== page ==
“Reconnecting with Chef Tendi was a wonderful experience. He remembered all our names and welcomed us with the same warmth as at home in Italy,” said Quinn, a senior from Cicero, New York. “In his demonstration (at Falk), I wasn’t aware that bruschetta (for the crostini) could be made with cabbage –it never occurred to me.

“Chef Tendi once again expressed his innovative abilities with his recipes, and they were delicious,” Quinn added. “I still can’t stop thinking about how good the chicken cacciatore he prepared with the NSD 216 students was.”

Chef Tendi standing with his son Riccardo

Chef Jacopo Tendi with his son, Riccardo, who recently graduated from culinary school in Italy.

Teaching Nutrition and Sustainability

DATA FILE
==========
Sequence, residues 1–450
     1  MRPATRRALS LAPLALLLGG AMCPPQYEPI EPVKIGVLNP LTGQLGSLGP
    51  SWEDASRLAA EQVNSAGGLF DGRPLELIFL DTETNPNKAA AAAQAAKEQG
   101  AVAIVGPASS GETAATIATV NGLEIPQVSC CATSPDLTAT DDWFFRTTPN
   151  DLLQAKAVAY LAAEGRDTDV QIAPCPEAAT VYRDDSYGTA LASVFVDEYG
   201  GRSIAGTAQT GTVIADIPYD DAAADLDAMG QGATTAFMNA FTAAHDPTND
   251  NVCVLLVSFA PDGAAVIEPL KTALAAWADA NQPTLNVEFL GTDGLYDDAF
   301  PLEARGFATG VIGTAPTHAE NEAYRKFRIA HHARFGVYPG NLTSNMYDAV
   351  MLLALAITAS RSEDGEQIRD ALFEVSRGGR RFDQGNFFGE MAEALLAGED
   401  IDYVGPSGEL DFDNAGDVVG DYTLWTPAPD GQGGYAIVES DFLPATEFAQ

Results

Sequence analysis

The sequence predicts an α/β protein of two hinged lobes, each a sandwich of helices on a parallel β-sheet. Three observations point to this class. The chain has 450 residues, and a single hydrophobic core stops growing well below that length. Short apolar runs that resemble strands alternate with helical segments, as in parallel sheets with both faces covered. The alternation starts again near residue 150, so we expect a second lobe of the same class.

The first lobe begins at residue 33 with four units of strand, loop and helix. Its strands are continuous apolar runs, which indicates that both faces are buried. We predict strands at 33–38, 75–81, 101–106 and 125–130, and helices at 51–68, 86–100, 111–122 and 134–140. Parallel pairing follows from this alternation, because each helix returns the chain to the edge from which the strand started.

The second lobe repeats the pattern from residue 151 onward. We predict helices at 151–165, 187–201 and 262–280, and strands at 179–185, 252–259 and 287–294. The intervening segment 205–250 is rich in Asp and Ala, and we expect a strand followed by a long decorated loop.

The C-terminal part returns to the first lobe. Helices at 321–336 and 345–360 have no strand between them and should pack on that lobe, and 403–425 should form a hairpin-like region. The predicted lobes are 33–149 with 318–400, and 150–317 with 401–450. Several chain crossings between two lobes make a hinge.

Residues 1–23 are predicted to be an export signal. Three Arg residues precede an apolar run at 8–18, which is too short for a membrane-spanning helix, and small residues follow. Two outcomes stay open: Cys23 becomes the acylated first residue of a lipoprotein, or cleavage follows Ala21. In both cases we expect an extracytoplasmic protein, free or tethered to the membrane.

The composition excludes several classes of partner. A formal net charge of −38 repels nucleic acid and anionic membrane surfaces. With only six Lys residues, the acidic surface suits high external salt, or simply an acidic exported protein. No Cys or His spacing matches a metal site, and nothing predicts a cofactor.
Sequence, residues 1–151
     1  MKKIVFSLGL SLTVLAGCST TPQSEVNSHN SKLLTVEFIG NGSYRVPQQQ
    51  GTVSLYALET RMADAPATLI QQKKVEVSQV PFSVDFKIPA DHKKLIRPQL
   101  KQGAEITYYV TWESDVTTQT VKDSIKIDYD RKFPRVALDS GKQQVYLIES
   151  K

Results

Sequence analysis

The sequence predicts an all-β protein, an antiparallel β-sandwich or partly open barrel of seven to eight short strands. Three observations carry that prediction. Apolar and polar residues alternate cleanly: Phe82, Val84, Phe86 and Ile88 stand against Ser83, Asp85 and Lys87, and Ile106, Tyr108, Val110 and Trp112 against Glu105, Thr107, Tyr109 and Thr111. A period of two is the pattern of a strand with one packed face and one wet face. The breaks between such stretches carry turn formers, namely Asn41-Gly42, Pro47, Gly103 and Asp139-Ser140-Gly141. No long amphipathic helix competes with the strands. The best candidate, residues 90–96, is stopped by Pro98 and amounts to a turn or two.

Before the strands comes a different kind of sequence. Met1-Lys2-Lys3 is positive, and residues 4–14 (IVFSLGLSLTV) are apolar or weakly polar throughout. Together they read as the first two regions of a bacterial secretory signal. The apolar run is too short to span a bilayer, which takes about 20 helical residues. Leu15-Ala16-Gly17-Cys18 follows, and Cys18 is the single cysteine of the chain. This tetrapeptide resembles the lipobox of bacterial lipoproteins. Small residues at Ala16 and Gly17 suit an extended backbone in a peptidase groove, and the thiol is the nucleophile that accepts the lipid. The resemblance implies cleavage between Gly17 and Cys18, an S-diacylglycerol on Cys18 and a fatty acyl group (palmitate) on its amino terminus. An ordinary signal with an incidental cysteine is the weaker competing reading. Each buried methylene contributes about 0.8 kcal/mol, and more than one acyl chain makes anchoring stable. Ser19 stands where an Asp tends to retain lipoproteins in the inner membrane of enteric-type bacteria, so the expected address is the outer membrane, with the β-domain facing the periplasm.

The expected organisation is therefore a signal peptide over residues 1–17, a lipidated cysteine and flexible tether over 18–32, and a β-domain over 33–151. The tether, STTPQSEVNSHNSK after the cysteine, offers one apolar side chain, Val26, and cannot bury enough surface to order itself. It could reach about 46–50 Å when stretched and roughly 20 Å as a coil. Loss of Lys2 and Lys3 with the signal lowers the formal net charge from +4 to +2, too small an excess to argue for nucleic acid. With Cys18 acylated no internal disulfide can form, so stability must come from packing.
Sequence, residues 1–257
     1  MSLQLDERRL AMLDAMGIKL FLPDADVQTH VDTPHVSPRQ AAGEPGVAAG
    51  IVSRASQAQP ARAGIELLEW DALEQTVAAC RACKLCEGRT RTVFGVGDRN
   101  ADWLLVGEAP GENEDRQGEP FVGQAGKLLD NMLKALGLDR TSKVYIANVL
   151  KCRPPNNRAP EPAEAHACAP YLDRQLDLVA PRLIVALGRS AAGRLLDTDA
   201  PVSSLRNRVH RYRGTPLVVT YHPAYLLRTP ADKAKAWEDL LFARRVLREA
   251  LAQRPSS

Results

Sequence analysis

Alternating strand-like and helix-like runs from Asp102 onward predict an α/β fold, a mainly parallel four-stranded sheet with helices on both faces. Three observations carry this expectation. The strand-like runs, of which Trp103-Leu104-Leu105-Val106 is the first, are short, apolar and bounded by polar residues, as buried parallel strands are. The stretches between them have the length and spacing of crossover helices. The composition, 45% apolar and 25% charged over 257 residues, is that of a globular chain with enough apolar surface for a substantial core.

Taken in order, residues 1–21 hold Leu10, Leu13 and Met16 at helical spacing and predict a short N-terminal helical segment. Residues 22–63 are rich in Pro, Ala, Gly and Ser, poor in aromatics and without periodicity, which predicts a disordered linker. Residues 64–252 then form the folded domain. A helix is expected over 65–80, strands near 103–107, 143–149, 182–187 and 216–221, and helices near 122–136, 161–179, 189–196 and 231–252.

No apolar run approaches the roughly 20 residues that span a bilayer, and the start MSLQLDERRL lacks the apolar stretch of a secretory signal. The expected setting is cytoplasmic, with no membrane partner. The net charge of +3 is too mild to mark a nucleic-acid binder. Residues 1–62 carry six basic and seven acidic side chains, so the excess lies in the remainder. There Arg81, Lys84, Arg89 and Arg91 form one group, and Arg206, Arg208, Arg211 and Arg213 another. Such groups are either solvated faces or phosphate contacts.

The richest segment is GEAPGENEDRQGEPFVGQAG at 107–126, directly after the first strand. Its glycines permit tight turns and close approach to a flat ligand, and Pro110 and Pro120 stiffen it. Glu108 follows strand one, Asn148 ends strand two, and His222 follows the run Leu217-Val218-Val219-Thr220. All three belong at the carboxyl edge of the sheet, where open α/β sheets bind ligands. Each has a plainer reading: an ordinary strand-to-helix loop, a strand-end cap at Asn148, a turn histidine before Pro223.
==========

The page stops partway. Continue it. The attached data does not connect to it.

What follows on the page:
NSD 452/652 is the “Mediterranean Food and Culture: A Florence Experience” class taught by Nutrition and Food Studies Associate Teaching Professor Jane Burrell in the Spring semester. The class explores Mediterranean culture, lifestyle, and cuisine through lectures, readings, and discussions that prepare students for a 12-day immersion trip to Italy.

While in Italy, students travel through the countryside to tour farms, observe olive oil, pasta, cheese, and wine productions; cook with Italian chefs; and enjoy farm-to-table meals. The trip ends in the heart of picturesque Tuscany–the home of Daniel and Gayle D’Aniello Syracuse University Program in Florence–and includes visits to Tendi’s home, where fresh ingredients are readily available from his vegetable garden, fruit trees, and olive trees.

Tendi spent more than 20 years teaching at Syracuse University Florence and now hosts students at his home for cooking demonstrations and takes them on visits to organic and biodynamic farms near his home. Tendi says he enjoys teaching students and he often talks to them about sustainability and how it applies to cooking your own food.